Publication: Expansionary Fiscal Austerity: New International Evidence
The expansionary fiscal contraction (EFC) hypothesis states that fiscal austerity can increase output or consumption when a country is under heavy debt burdens because it sends positive signal about the country's solvency situation and long-term economic wellbeing. Empirical tests of this hypothesis have suffered from identification concerns due to data sources and empirical methodology. Using a sample of OECD countries between 1978 and 2014, this paper combines new IMF narrative data and the proxy structural Vector Auto-regression (SVAR) method to examine whether fiscal austerities can be expansionary when debt levels are high. Fiscal austerities are measured as 1) narrative fiscal shocks and 2) structural shocks from a proxy SVAR. Additionally, this paper uses a model-based approach to determine the cutoff debt level beyond which EFC is expected to be observed. This paper finds empirical evidence in support of the EFC hypothesis for OECD countries: results for output are driven by changes in tax rates and are robust to how one defines a high-debt regime and how one measures austerity.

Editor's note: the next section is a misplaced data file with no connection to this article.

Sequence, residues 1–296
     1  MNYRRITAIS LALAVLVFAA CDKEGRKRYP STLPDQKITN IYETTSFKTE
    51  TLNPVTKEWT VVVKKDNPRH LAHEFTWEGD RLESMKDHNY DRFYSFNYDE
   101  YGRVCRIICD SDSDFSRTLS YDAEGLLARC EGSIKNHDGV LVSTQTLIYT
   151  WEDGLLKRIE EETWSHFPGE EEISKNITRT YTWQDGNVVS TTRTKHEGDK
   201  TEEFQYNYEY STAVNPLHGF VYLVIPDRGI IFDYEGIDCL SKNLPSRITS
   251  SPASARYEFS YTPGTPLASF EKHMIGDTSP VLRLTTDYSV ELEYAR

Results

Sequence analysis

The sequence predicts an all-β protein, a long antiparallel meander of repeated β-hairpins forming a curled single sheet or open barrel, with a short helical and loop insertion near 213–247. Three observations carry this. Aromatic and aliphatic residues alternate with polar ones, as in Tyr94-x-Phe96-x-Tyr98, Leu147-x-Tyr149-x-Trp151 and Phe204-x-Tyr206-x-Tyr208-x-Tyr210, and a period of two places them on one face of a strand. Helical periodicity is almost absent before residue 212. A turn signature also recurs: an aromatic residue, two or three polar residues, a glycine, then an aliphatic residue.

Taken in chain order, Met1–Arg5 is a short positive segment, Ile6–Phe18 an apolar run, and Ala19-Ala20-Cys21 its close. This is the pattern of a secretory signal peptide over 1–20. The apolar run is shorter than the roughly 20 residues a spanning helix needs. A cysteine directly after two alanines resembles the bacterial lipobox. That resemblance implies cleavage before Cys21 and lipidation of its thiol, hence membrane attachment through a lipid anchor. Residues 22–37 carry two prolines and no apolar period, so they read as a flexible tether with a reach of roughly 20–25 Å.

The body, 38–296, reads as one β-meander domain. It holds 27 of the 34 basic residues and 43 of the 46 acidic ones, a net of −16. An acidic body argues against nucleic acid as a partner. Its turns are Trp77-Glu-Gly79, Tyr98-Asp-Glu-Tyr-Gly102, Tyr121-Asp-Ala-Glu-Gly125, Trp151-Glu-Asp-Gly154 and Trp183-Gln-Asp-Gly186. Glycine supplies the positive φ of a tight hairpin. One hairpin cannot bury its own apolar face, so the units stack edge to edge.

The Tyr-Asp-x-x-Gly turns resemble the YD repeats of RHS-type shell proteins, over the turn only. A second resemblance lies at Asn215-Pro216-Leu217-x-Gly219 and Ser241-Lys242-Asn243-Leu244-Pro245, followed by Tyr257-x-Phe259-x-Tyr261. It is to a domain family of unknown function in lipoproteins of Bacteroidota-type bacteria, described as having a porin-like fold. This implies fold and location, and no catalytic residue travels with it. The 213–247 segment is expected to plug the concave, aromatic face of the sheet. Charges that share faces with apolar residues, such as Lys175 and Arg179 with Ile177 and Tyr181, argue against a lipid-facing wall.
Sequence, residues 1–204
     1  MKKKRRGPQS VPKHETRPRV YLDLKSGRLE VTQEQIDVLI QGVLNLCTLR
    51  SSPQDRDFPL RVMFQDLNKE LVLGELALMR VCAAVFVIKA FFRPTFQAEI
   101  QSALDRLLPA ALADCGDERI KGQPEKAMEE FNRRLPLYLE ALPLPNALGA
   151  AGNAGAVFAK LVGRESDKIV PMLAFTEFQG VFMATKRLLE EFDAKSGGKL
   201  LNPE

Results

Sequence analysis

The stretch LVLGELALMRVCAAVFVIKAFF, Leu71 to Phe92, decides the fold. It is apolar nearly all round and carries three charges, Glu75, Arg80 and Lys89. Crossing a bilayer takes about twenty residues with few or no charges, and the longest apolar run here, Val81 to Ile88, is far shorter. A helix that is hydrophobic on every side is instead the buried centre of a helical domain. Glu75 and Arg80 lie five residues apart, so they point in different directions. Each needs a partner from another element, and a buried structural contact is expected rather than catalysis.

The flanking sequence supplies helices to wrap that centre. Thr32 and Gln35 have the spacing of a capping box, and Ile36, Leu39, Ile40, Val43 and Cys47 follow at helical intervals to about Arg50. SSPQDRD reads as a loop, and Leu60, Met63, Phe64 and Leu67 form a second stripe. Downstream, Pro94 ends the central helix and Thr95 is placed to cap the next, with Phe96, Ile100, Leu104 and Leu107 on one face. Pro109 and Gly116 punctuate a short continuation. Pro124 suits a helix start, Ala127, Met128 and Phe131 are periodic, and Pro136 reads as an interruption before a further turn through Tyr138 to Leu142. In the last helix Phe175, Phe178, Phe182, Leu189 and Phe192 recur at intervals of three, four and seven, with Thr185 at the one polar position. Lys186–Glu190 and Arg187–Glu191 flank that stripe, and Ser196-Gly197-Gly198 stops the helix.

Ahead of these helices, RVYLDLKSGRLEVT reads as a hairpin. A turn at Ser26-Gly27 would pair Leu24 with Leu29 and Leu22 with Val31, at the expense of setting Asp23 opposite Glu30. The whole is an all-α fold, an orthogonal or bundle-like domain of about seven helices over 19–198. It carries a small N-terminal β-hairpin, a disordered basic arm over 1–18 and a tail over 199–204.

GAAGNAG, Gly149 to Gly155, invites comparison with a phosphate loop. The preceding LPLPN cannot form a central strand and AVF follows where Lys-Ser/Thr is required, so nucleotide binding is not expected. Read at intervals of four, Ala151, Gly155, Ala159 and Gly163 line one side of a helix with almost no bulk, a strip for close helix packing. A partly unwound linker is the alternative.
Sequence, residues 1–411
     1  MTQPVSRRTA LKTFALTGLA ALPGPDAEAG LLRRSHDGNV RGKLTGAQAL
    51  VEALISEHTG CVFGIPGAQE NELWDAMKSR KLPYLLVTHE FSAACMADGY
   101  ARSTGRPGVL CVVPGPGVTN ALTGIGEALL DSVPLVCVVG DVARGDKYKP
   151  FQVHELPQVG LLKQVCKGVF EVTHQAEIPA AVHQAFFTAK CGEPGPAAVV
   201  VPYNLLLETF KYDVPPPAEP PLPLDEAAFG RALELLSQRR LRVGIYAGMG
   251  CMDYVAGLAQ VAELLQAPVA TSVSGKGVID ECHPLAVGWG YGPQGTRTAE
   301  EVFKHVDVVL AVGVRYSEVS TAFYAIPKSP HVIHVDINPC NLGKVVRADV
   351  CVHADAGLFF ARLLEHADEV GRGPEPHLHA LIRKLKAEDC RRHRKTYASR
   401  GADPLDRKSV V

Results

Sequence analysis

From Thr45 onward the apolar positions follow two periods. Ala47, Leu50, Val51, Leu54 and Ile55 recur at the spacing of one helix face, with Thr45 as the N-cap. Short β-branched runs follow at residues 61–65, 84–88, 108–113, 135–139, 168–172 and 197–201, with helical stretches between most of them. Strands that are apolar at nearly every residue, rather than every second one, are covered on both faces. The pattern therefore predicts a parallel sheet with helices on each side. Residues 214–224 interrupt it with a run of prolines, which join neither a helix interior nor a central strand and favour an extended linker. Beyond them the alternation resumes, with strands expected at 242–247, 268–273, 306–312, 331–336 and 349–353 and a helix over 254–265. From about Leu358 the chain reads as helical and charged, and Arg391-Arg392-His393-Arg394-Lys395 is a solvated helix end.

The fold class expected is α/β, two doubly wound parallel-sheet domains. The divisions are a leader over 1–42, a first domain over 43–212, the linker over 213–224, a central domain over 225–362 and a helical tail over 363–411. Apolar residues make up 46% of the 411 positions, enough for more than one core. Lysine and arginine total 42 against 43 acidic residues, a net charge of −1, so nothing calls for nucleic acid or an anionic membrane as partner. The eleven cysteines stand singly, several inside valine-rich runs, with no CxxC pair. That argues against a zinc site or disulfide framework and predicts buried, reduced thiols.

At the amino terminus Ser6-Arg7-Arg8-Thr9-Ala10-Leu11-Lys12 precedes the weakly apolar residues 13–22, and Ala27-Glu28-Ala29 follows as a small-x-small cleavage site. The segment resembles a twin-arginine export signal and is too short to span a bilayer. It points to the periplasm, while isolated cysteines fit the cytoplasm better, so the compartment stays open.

Link to Data Set
“Nie, Ou. 2020. Expansionary Fiscal Austerity: New International Evidence. Policy Research Working Paper;No. 9344. © World Bank, Washington, DC. http://hdl.handle.net/10986/34262 License: CC BY 3.0 IGO.”
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